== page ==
The Marlin 336 Series Lever-Action Rifles

These relatively simple instructions from the American Gunsmithing Library will get you through the disassembly and troubleshooting of all the various Marlin lever-action 336 models, as well as the 30 and 36.


18 years of age, John Mahlon Marlin began his working career with American Machine Works. He was paid nothing for his first six months of labor, and for the following six months he was paid the princely sum of $1.50 per week. By the end of John’s three-year apprenticeship, his weekly wage had grown to $4. (What would a guy would do with all that money?) It’s rumored that Mr. Marlin then went to work for Colt Firearms as a machinist and toolmaker until his departure and move to New Haven around 1863.

The local directory of the time listed Mr. Marlin as a pistolmaker, though his first patent, dated 1879, was for a lever-action rifle. Now, almost 120 years later, the Marlin Arms Company is synonymous with the lever-action rifle, and it’s almost impossible to skulk through an Eastern deer woods without encountering a hunter carrying a lever-action rifle of their make.

The Marlin 336 is famous for the myriad of suffixes added to the model number and stamped along the left side of the barrel. The most notable addition to the model number occurred in 1988, when the company began adding an “S” to all suffixes. The “S” denotes the addition of a crossbolt safety that prevents the hammer from traveling forward and striking the firing pin in the event the operator’s thumb should slip off during cocking.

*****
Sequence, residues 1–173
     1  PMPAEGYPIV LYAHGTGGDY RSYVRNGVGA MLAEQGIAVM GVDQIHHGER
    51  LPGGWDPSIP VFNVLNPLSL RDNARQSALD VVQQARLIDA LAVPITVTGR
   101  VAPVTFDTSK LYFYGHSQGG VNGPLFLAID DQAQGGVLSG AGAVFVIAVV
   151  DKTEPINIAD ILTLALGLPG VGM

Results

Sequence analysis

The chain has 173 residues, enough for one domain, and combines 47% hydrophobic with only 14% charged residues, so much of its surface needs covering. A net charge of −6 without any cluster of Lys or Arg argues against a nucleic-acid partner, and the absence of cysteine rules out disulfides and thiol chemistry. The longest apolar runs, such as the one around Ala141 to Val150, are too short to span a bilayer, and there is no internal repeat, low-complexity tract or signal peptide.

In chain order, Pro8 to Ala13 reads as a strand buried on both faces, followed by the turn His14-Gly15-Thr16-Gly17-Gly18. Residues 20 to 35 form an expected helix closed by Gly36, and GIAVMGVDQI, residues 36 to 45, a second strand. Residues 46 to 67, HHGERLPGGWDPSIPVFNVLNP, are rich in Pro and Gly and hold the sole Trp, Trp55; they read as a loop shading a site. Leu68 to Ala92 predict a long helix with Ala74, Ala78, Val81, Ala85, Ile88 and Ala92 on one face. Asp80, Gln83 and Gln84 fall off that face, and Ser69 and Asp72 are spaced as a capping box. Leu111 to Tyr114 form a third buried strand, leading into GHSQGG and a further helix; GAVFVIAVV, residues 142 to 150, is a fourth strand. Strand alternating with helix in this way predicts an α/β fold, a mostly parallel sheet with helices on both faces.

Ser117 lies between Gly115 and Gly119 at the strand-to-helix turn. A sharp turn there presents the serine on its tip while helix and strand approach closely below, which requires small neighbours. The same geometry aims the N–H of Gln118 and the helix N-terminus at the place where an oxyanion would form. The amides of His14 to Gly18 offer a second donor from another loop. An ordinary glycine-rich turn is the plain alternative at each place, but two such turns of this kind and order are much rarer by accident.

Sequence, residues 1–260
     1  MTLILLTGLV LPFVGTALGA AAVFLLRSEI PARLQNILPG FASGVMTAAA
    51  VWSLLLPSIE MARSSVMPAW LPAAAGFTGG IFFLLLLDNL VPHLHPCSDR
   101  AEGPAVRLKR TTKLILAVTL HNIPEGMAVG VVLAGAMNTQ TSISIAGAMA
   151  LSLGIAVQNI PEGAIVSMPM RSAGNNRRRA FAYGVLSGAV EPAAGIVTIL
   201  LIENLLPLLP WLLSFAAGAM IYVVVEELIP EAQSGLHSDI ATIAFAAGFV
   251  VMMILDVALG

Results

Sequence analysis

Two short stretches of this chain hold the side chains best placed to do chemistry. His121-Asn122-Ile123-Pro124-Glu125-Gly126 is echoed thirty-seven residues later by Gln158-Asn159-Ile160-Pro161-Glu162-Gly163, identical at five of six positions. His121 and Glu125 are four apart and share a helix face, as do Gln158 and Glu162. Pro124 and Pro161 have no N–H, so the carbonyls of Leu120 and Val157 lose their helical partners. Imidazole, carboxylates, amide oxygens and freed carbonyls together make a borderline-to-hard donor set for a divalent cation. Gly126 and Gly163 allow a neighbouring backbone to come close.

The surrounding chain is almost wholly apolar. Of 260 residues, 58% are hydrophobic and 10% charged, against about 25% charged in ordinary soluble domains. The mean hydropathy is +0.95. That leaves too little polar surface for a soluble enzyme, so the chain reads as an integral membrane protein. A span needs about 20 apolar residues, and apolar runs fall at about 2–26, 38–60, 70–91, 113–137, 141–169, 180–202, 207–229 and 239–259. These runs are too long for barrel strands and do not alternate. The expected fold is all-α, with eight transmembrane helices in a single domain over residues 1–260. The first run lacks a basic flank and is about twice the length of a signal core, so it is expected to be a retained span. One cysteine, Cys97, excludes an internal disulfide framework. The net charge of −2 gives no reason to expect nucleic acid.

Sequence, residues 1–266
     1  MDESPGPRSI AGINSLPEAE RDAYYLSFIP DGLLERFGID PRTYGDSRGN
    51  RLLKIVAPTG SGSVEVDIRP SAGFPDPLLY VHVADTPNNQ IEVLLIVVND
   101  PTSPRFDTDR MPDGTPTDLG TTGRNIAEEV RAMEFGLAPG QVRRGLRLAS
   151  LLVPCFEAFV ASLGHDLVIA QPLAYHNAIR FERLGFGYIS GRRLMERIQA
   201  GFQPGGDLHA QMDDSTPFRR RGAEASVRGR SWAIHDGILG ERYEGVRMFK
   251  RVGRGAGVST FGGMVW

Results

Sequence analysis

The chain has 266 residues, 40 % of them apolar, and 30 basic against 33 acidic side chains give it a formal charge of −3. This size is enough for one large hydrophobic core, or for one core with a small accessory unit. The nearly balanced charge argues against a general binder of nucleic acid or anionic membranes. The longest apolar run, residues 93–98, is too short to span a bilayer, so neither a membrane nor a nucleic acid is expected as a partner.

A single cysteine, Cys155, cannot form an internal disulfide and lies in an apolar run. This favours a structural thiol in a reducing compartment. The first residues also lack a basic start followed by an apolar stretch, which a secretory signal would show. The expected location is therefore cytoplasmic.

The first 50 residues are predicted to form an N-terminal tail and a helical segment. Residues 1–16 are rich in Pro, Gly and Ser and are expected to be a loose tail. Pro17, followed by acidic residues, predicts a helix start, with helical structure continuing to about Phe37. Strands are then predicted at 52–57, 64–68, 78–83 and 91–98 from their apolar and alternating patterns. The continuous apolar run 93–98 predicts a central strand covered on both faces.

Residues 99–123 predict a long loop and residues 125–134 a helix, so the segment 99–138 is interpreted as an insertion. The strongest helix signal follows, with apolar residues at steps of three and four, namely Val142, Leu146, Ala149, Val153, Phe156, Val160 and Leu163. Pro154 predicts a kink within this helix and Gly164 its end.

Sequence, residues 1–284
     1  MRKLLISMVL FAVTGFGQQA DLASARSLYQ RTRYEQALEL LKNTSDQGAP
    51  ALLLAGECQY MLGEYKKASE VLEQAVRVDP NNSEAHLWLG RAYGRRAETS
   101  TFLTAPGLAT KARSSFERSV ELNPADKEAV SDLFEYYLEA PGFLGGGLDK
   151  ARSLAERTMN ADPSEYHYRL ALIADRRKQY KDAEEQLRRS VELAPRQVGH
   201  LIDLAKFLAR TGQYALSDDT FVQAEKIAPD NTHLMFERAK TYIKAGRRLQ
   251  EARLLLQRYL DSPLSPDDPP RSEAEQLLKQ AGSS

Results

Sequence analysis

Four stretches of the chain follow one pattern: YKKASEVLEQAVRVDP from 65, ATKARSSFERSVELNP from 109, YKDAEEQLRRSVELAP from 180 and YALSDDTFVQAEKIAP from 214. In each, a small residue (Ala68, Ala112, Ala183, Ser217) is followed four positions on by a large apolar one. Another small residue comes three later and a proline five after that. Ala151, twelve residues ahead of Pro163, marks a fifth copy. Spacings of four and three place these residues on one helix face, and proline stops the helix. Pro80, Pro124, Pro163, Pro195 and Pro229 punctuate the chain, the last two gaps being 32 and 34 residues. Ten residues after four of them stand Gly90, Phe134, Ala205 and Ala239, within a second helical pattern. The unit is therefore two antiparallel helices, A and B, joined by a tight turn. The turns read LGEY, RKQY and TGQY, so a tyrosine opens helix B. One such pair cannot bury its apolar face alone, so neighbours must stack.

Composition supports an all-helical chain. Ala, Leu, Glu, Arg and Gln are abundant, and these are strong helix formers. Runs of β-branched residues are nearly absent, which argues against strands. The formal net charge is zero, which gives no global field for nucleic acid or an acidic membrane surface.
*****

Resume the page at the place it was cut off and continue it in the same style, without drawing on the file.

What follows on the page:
Basic take-down of all the Model 336s is the same, so the following instructions will get you through whatever suffix may be stamped on your rifle or carbine. These instructions can also be applied to the dressed-down versions produced by Marlin as the Models 30 and 36 with all same accompanying suffixes.

As always, the first step in disassembling any firearm is to ensure that the chamber and magazine are empty of any ammunition or obstructions.

Removing the Stock and Forearm

Clamp the receiver in your padded-jaw vise. Remove the tang screw going through the upper receiver tang with a #300-5 Magna-tip bit, and slide the stock off to the rear. If the stock is stubborn, a whack or two with a rubber-face dead-blow hammer at the front of the comb will usually do the trick.

On both sides of the metal forearm endcap are screws that enter a hanger that’s dovetailed into the bottom of the barrel. These screws are removed with a #180-3 Magna-tip bit. The magazine end cap is then removed with the same bit as that used for the forearm endcap.

Now slowly relax the tension on the magazine follower spring. Tilt the front end of the magazine tube down and away from the stud that anchors the magazine tube, while pulling the forearm and magazine tube forward and off the barrel.

Look over the rear mouth of the magazine tube for any unevenness or burrs that will scratch the brass cartridge case. I like to put a very slight chamfer on the inside edge of the magazine tube, and then polish the chamfer.

Disassembling the Internal Action Parts